What is just transition? And why is it important?

Pin to Areas of Work
Students from India eat lunch cooked with the steam generated from a solar energy-based steam generator
Photo: Prashanth Vishwanathan/UNDP India
Also available in Spanish and French

Since the industrial revolution, fossil fuels have powered extraordinary growth and development, albeit with huge costs to our climate. As a direct result, we are today in a climate emergency.

To avert catastrophe, we must now radically switch to a sustainable, net-zero future. This transition needs to happen fast, but it also has to happen in a fair and inclusive way.

If done right, the transition offers immense opportunities: a systems change in which all communities, workers, and countries are lifted up.

Promisingly, momentum around “just transition” is gathering pace. We are seeing it emerge in the global dialogue around decarbonization and net zero. More countries are referencing it in their short and long-term climate plans. Partners are coming together, and coalitions are forming.

So what’s it all about?


What is “just transition”?

The concept of “just transition” has been around since the 1980s, when it was used in a movement by US trade unions to protect workers affected by new water and air pollution regulations. 

In recent years, the concept has gained traction with reference to meeting climate goals by ensuring the whole of society – all communities, all workers, all social groups – are brought along in the pivot to a net-zero future.

The International Labour Organization (ILO) defines it this way: “Greening the economy in a way that is as fair and inclusive as possible to everyone concerned, creating decent work opportunities and leaving no one behind.”

While this provides a sound basis, perception does vary between countries and regions.

What is important, though, is that each country fosters ongoing dialogue to develop a common vision for what a just transition means for their impacted workers, communities and businesses.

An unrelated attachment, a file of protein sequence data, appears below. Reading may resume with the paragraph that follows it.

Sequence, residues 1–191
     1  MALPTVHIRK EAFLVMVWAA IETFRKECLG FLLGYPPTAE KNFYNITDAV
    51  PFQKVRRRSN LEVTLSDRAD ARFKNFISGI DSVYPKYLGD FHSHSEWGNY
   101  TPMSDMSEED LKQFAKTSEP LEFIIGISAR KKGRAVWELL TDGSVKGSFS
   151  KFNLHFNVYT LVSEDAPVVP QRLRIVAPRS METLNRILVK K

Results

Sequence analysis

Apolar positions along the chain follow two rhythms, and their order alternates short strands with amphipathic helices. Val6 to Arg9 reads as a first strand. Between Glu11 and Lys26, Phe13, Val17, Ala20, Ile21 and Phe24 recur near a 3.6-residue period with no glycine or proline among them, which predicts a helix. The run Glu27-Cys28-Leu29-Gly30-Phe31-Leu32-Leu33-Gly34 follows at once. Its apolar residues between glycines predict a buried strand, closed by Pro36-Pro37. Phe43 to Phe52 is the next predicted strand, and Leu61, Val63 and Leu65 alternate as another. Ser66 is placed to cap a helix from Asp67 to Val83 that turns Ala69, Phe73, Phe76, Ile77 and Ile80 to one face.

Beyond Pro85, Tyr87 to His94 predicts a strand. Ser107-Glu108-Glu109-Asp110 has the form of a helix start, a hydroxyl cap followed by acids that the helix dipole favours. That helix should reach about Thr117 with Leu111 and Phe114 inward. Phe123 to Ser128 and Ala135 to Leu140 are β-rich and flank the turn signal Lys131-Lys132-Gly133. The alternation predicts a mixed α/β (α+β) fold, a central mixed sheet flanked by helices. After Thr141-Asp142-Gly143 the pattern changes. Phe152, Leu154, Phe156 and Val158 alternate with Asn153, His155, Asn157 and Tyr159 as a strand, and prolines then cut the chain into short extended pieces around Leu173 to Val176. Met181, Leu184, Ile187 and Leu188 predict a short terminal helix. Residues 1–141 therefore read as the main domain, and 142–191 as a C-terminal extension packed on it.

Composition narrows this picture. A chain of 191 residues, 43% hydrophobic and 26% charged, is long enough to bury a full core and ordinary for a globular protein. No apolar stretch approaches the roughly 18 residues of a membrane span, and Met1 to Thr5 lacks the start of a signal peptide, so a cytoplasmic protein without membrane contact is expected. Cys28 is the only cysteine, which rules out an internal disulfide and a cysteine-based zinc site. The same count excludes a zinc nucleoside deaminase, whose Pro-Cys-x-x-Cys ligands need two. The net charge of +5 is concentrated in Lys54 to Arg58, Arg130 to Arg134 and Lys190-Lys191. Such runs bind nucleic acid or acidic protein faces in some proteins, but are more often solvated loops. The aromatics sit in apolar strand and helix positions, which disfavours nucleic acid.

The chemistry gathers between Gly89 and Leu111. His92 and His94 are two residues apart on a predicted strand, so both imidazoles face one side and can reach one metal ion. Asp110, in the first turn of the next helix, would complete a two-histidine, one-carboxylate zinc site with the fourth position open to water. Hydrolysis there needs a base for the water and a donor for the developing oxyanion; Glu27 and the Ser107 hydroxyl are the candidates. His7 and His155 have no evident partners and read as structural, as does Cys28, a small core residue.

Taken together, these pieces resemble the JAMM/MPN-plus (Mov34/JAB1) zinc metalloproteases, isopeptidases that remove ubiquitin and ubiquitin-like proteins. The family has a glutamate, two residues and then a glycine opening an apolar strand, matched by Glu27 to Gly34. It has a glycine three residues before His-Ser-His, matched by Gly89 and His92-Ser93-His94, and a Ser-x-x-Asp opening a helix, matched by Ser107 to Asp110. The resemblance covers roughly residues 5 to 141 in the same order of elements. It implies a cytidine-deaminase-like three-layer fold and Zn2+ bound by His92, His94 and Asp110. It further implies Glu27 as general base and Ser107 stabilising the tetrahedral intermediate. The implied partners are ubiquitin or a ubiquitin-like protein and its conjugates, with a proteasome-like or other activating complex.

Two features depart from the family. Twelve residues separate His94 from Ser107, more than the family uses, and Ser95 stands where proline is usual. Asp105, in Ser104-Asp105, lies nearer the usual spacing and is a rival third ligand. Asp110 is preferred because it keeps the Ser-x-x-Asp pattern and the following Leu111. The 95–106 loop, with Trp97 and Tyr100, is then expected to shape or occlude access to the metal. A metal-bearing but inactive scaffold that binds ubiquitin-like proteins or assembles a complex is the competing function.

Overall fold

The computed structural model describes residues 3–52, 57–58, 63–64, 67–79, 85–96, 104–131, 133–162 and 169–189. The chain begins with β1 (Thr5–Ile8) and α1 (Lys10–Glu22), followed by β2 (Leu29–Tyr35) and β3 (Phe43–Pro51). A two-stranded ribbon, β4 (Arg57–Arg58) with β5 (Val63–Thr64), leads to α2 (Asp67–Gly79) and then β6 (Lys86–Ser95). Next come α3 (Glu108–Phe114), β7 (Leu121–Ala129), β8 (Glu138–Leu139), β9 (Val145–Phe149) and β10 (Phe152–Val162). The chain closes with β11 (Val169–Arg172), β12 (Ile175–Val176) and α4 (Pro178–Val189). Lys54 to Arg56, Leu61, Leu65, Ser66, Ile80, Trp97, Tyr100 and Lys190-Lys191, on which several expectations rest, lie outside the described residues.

Why are we hearing more about “just transition” now?

With the adverse impacts of climate change worsening each year, and the window for action rapidly closing, countries are strengthening efforts to decarbonize, green their economies, and build resilience.

However, achieving the goals of the Paris Agreement, which is to limit global warming to 1.5 degrees Celsius or less, requires unprecedented change in how we do things. Yet, as history has shown, abrupt change can incur a hefty price on workers and society.

As these changes take place, momentum is growing around the concept of just transition.

The importance of such a transformation is increasingly recognized by governments worldwide as they cite just transition principles in their short- and long-term climate plans (known as Nationally Determined Contributions, or NDCs, and long-term strategies, or LTS, respectively).

According to the latest report launched by UNDP, just transition principles are now reflected in 38 percent of NDCs and 56 percent of LTS, as well as a growing number of high-profile global initiatives.

While there’s certainly more to be done, these are promising signs.


What benefits does a just transition offer for tackling climate change?

There are many ways in which a just transition can help as countries address the impacts of climate change and green their economies.

First, by bringing the public along. If governments can demonstrate the socio-economic benefits afforded by a green transition – including economic benefits and new green jobs – they can build a broad base of public support for higher climate ambition as citizens will be more likely to get behind the associated policies and investments.

Second, by supporting a green jobs revolution in which the alternative jobs created have guaranteed living wages, proper workplace safety protections, and health benefits. These quality jobs will lift people, their families, and their communities up. But they will also help attract the workers needed for the economic transformation.

Third, by laying the social groundwork for a resilient net-zero economy. With transparent planning and the active participation of a broad range of stakeholders, governments can minimize the fear, opposition, and inter-community and generational conflict that may upend the move away from fossil fuels of old and other harmful activities that are warming our planet, such as deforestation and wasteful production practices.